Facebook has recently shared a new explainer video of how its News Feed algorithm works, giving a general overview of Facebook’s content ranking process.
The video gives a general outline of the process of feed ranking, which includes four elements that Facebook takes into account when going about the selection process of which content to show to each user.
Let’s dissect the key elements that Facebook uses in its Feed Algorithm to help determine what content to show users.
Key Elements Used in Facebook Feed Ranking Process
Inventory – This is the initial point with all of the posts that you could potentially be shown each day in the initial sample set. This content is based on people and pages that you follow as well as the content they’ve shared and groups you’re a part of.
Signals – The feed algorithm makes use of various signals to determine the relevance of each post to you. This is calculated based on your connection to the page/person sharing the update, as well as your interaction history with them. The algorithm also considers the media (whether it’s a photo, video or post link), which factors into what you’ll see. If your engagement with more photo content, you’ll be shown more photo updates.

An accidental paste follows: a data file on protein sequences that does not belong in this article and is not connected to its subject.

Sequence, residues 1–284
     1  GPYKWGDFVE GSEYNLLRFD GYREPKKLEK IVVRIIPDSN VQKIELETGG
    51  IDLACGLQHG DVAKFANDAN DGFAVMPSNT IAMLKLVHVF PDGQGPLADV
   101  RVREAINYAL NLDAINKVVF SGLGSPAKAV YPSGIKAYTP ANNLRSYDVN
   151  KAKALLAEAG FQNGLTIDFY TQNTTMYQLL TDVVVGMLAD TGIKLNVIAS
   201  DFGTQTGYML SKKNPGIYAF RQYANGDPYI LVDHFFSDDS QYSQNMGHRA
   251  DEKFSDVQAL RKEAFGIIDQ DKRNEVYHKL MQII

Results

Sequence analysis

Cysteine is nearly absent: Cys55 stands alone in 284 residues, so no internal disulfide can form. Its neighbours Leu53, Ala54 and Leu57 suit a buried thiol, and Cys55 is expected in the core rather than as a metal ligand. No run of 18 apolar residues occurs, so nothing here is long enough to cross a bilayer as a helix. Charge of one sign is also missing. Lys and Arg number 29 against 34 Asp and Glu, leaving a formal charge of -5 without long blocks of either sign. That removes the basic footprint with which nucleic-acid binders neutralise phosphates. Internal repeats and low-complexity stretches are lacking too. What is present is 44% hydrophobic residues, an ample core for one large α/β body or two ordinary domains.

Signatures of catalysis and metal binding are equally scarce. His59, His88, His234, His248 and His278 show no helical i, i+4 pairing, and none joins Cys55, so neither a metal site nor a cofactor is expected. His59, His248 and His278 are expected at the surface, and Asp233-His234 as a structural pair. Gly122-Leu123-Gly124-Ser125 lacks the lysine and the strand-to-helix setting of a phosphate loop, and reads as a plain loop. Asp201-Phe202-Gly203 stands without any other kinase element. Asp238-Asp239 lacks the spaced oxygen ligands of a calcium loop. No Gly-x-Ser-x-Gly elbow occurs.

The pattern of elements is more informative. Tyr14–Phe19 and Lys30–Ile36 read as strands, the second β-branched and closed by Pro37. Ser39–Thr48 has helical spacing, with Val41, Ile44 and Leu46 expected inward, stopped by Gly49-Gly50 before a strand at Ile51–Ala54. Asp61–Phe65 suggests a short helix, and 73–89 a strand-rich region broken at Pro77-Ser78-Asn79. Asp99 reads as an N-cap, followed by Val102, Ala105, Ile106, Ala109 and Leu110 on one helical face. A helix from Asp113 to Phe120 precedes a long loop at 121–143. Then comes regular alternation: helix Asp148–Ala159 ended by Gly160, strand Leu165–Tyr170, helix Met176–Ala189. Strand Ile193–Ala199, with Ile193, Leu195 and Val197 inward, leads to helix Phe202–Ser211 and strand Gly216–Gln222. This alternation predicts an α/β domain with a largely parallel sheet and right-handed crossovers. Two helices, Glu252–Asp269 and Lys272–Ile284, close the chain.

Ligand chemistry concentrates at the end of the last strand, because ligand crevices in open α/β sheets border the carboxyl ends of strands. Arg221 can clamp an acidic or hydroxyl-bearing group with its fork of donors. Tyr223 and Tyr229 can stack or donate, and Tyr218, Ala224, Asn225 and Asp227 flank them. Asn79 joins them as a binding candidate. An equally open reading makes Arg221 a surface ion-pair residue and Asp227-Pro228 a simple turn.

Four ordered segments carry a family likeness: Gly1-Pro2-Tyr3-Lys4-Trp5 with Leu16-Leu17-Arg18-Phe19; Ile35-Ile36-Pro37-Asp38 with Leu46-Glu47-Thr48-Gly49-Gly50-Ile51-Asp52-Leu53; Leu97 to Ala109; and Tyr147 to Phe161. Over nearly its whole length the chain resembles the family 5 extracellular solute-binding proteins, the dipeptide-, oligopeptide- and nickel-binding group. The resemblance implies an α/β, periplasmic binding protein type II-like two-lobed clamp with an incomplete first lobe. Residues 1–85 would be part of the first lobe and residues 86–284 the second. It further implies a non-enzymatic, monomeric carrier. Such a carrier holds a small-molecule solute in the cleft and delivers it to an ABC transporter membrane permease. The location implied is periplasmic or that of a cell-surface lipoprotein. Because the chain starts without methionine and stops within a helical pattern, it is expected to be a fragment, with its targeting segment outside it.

Predictions – The Feed algorithm will then make predictions based on your engagement with each new post in attempt to highlight the most relevant and appropriate content based on these factors.
Score – Last but not least, Facebook will assign scores to each post in your ‘content pool’ in order to effectively rank them. Of course, the higher the relevance score, the higher the chance of that post appearing at the top of your Feed.
These four elements give a basic overview of the News Feed algorithms inner workings. In a nutshell, the more people who find your content relevant and engage with it, the more likely your content will appear higher in each individual’s feed.
“Our goal is to make sure you see the posts that are most valuable to you at the top of your Feed every time you open the Facebook app. And because most people have more content in their News Feed than they could possibly browse in one session, we use an algorithm to determine the order of all of the posts you can see.” – Facebook.